See also: Chicago house and House music

The music's producers, especially May and Saunderson, admit to having been fascinated by the Chicago club scene and influenced by house in particular.[44][45] May's 1987 hit "Strings of Life" (released under the alias Rhythm Is Rhythm) is considered a classic in both the house and techno genres.[45][46][47]

Juan Atkins also believes that the first acid house producers, seeking to distance house music from disco, emulated the techno sound.[48] Atkins also suggests that the Chicago house sound developed as a result of Frankie Knuckles' using a drum machine he bought from Derrick May.[49] He claims:

Derrick sold Chicago DJ Frankie Knuckles a TR909 drum machine. This was back when the Powerplant was open in Chicago, but before any of the Chicago DJs were making records. They were all into playing Italian imports; 'No UFOs' was the only U.S.-based independent record that they played. So Frankie Knuckles started using the 909 at his shows at the Powerplant. Boss had just brought out their little sampling footpedal, and somebody took one along there. Somebody was on the mic, and they sampled that and played it over the drumtrack pattern. Having got the drum machine and the sampler, they could make their own tunes to play at parties. One thing just led to another, and Chip E used the 909 to make his own record, and from then on, all these DJs in Chicago borrowed that 909 to come out with their own records.[16]

In the UK, a club following for house music grew steadily from 1985, with interest sustained by scenes in London, Manchester, Nottingham, and later Sheffield and Leeds. The DJs thought to be responsible for house's early UK success include Mike Pickering, Mark Moore, Colin Faver, and Graeme Park (DJ).[50]

Detroit sound

The Belleville Three performing at the Detroit Masonic Temple in 2017. From left to right: Juan Atkins, Kevin Saunderson, and Derrick May

The early producers, enabled by the increasing affordability of sequencers and synthesizers, merged a European synth-pop aesthetic with aspects of soul, funk, disco, and electro, pushing EDM into uncharted terrain. They deliberately rejected the Motown legacy and traditional formulas of R&B and soul, and instead embraced technological experimentation.[51][52][53][54]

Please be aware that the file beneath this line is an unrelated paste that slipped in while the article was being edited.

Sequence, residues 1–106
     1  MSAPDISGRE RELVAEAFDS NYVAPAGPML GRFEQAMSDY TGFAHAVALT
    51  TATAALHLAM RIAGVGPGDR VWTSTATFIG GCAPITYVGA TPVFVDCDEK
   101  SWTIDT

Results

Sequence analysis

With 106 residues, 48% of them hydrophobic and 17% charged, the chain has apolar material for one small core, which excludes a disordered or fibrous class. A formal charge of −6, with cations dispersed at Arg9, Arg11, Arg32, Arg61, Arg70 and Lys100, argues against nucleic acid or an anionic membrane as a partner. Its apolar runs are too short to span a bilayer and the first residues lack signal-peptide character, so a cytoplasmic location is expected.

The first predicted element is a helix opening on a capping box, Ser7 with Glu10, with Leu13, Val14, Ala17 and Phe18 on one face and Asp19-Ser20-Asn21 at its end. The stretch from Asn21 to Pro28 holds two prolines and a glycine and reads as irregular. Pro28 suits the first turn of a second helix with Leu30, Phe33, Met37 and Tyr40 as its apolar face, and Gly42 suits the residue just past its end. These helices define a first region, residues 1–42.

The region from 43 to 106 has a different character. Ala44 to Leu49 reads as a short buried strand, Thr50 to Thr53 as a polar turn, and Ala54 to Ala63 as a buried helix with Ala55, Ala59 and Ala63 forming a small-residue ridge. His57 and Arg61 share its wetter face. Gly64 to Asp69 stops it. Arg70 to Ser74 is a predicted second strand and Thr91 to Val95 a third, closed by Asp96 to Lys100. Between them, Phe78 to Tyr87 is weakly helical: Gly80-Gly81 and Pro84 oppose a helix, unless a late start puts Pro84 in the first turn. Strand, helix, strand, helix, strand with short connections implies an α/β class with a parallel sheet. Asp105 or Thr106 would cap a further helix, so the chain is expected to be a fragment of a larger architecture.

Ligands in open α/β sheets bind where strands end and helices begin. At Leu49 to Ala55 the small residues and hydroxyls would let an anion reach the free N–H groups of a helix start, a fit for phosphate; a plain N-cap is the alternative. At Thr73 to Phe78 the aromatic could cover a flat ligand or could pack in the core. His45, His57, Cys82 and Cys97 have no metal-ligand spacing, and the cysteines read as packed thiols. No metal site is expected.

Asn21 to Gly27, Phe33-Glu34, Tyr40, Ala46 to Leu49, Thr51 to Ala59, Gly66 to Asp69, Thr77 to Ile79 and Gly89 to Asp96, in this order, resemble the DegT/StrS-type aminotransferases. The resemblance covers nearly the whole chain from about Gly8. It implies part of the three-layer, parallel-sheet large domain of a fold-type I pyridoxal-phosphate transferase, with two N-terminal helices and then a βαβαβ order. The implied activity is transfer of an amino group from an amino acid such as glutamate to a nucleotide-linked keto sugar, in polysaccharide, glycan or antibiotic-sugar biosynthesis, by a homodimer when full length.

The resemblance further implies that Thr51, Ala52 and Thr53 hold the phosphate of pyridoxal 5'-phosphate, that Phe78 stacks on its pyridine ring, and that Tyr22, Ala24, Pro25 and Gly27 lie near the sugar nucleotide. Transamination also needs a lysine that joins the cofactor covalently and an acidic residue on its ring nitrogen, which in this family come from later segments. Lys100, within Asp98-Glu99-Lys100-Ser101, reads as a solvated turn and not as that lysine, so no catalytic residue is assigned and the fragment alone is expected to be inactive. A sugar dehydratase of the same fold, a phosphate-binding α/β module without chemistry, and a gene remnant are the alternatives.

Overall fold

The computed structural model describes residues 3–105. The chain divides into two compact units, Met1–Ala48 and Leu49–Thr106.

Within the last 5 years or so, the Detroit underground has been experimenting with technology, stretching it rather than simply using it. As the price of sequencers and synthesizers has dropped, so the experimentation has become more intense. Basically, we're tired of hearing about being in love or falling out, tired of the R&B system, so a new progressive sound has emerged. We call it techno!

— Juan Atkins, 1988[51]

The resulting Detroit sound was interpreted by Derrick May and one journalist in 1988 as a "post-soul" sound with no debt to Motown,[52][53] but by another journalist a decade later as "soulful grooves" melding the beat-centric styles of Motown with the music technology of the time.[55] May described the sound of techno as something that is " Detroit...a complete mistake. It's like George Clinton and Kraftwerk are stuck in an elevator with only a sequencer to keep them company."[52][53] Juan Atkins has stated that it is "music that sounds like technology, and not technology that sounds like music, meaning that most of the music you listen to is made with technology, whether you know it or not. But with techno music, you know it."[56]

One of the first Detroit productions to receive wider attention was Derrick May's "Strings of Life" (1987), which, together with May's previous release, "Nude Photo" (1987), helped raise techno's profile in Europe, especially the UK and Germany, during the 1987–1988 house music boom (see Second Summer of Love).[57] It became May's best known track, which, according to Frankie Knuckles, "just exploded. It was like something you can't imagine, the kind of power and energy people got off that record when it was first heard. Mike Dunn says he has no idea how people can accept a record that doesn't have a bassline."[58]

Acid house

See also: Acid house, Rave, and Second Summer of Love

Roland TB-303: The bass line synthesizer that was used prominently in acid house.